Montgomery to welcome Black College World Series to town
MONTGOMERY, Ala. (WSFA) - Hundreds of people are expected to be in Montgomery this week as preparation gets underway at Riverwalk stadium for the Tyson Foods Black College World Series.
“Montgomery has a huge historical value for people of color, particularly African Americans, said Aquan Robinson, Director of Convention Sales for the Montgomery Area Chamber of Commerce, ”and so to be able to connect their heritage to wear the heritage of HBCU athletics, and particularly baseball is very important.”
The series, in its second year, will feature eight HBCU baseball teams from six states across the Southeast.
NCAA Division II and NAIA Baseball Programs in Black College World Series:
- Albany State (GA)
- Edward Waters (FL)
- Bluefield State (WV)
- Florida Memorial (FL)
- Kentucky State (KY)
- Rust (Miss)
- Miles (AL)
- Talladega (AL)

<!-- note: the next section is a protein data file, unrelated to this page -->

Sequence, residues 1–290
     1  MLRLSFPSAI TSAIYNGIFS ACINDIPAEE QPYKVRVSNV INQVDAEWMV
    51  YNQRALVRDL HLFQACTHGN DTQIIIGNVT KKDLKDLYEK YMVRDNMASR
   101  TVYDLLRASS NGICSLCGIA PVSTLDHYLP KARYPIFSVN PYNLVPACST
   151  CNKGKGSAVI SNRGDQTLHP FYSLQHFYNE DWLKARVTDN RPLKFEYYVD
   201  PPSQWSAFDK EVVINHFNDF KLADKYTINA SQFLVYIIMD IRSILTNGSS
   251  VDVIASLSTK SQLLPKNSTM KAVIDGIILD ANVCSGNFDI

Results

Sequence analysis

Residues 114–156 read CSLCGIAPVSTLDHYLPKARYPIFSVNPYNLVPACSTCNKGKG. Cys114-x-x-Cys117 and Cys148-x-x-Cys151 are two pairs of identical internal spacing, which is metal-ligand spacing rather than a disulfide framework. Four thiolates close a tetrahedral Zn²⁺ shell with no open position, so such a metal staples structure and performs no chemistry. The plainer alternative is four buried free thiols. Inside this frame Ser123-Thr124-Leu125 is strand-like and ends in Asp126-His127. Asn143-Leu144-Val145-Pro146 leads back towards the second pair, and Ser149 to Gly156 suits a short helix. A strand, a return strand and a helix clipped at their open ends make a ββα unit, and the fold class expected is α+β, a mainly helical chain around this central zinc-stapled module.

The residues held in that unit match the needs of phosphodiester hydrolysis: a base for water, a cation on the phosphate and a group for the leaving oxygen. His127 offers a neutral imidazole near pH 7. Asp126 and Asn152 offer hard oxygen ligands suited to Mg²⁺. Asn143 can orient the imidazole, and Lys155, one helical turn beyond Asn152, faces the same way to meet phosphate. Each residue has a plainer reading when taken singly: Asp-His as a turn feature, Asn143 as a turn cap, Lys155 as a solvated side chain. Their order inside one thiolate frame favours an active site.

Teams will hit the diamond from May 11-15.
Robinson says it’s been a community effort.
“They’ve got an actual local committee here that has been supporting the overall organization,” Robinson explained. “You even have some local people that are hosting teams to kind of show them around while they’re in town, also.”
Games will be livestreamed on the Black College Sports Network (BCSN) at mybcsn.net, the BCSN YouTube channel (@mybcsn1), Facebook page (@mybcsn1), and Twitter page (@mybcsn1). Information and tickets can be found HERE.
With hundreds of players, coaches and fans coming to the Capital City, leaders believe this could be a home run for local businesses.
“They’re gonna be staying at our local hotels. They’re going to be eating, dining and shopping,” Robinson added. “So we’re really looking forward to generating some room nights that are going towards this.”
In order to attract more events like this, Montgomery Mayor Steven Reed said during a council meeting last week that it is important for residents to show up in large numbers.
“One of the key things that we hear when we go after events is, you know, what Montgomery support will the community come out? And so they don’t bring these events here just to have a lot of empty seats,” Reed noted. “We need people to come out and support these events as much as possible.”
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